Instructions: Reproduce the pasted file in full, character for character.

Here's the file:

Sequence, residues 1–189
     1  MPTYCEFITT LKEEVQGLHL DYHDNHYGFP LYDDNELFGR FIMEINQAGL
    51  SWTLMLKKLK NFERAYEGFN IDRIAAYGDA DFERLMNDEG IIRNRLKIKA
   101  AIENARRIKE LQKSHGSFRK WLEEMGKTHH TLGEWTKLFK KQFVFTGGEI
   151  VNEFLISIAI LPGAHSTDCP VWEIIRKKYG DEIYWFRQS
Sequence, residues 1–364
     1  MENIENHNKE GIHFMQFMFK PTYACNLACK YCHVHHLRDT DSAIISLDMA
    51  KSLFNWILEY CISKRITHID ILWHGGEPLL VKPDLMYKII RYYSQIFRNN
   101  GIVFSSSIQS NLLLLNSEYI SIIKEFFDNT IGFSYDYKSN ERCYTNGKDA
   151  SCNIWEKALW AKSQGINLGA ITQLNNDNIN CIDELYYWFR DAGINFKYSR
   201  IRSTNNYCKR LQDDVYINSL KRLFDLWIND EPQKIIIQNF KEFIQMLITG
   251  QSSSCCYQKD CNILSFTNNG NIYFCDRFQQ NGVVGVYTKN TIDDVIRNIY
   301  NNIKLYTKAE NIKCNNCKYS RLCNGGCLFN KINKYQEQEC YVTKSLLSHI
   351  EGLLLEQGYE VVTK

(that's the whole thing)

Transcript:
Sequence, residues 1–189
     1  MPTYCEFITT LKEEVQGLHL DYHDNHYGFP LYDDNELFGR FIMEINQAGL
    51  SWTLMLKKLK NFERAYEGFN IDRIAAYGDA DFERLMNDEG IIRNRLKIKA
   101  AIENARRIKE LQKSHGSFRK WLEEMGKTHH TLGEWTKLFK KQFVFTGGEI
   151  VNEFLISIAI LPGAHSTDCP VWEIIRKKYG DEIYWFRQS
Sequence, residues 1–364
     1  MENIENHNKE GIHFMQFMFK PTYACNLACK YCHVHHLRDT DSAIISLDMA
    51  KSLFNWILEY CISKRITHID ILWHGGEPLL VKPDLMYKII RYYSQIFRNN
   101  GIVFSSSIQS NLLLLNSEYI SIIKEFFDNT IGFSYDYKSN ERCYTNGKDA
   151  SCNIWEKALW AKSQGINLGA ITQLNNDNIN CIDELYYWFR DAGINFKYSR
   201  IRSTNNYCKR LQDDVYINSL KRLFDLWIND EPQKIIIQNF KEFIQMLITG
   251  QSSSCCYQKD CNILSFTNNG NIYFCDRFQQ NGVVGVYTKN TIDDVIRNIY
   301  NNIKLYTKAE NIKCNNCKYS RLCNGGCLFN KINKYQEQEC YVTKSLLSHI
   351  EGLLLEQGYE VVTK